By 1998, Boards of Canada had released two respected EPs, Twoism and Hi Scores, each demonstrating their penchant for the radical synthesis of Hip Hop and Ambient Techno, but the release of Music Has the Right to Children took this to the next level. Though their EPs had played with memory and so-called “Hauntological” music, recontextualized tones of the past—their debut album is widely respected as their first release to fully realize those experiments. This sounds very cerebral, and sure, it derived from the method behind IDM, but the product is essentially a pop album of Techno-Hip Hop instrumentals. Not only is it a perfectly melodic and infectiously catchy ambient record, but it also was influential enough to provide inspiration across the musical spectrum—without Boards of Canada, we wouldn’t have Chillwave or Vaporwave’s Hauntological aesthetic; we wouldn’t have John Maus or Ariel Pink; we wouldn’t have Black Moth Super Rainbow or Grimes; we wouldn’t have cLOUDDEAD or most of contemporary Hip Hop.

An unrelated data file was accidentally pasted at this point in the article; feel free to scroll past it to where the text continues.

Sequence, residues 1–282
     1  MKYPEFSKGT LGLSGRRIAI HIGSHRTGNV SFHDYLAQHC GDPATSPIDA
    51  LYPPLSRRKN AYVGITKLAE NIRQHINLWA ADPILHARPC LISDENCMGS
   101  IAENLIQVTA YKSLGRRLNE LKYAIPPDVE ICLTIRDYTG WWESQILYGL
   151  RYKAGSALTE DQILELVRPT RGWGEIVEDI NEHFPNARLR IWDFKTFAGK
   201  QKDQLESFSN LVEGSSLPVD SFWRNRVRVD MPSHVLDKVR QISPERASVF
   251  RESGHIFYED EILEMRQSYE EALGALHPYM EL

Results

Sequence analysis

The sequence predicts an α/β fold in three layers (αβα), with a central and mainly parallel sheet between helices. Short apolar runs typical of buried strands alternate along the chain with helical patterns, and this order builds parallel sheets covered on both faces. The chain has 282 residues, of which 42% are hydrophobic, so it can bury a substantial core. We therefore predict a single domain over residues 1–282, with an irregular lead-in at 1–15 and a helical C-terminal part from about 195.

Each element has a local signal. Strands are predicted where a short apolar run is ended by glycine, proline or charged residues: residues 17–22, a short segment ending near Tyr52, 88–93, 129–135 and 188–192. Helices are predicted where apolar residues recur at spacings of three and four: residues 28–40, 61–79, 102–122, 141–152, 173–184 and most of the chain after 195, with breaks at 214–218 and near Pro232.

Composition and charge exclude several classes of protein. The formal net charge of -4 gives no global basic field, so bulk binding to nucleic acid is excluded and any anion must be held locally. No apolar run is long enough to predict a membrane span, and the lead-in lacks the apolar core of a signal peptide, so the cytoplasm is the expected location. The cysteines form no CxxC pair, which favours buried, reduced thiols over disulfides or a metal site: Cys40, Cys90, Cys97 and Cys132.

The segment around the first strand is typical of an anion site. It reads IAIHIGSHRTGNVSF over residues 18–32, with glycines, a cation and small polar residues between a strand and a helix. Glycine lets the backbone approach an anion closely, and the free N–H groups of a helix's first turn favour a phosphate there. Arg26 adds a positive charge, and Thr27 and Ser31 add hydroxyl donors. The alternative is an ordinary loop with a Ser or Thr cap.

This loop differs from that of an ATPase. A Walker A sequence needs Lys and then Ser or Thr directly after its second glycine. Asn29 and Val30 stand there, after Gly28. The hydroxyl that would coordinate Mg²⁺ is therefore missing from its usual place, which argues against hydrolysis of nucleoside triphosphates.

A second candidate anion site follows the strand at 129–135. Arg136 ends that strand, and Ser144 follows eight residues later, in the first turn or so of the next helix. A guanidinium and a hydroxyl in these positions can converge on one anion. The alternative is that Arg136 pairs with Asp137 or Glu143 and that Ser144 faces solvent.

RELEASE DATE: 20th April 1998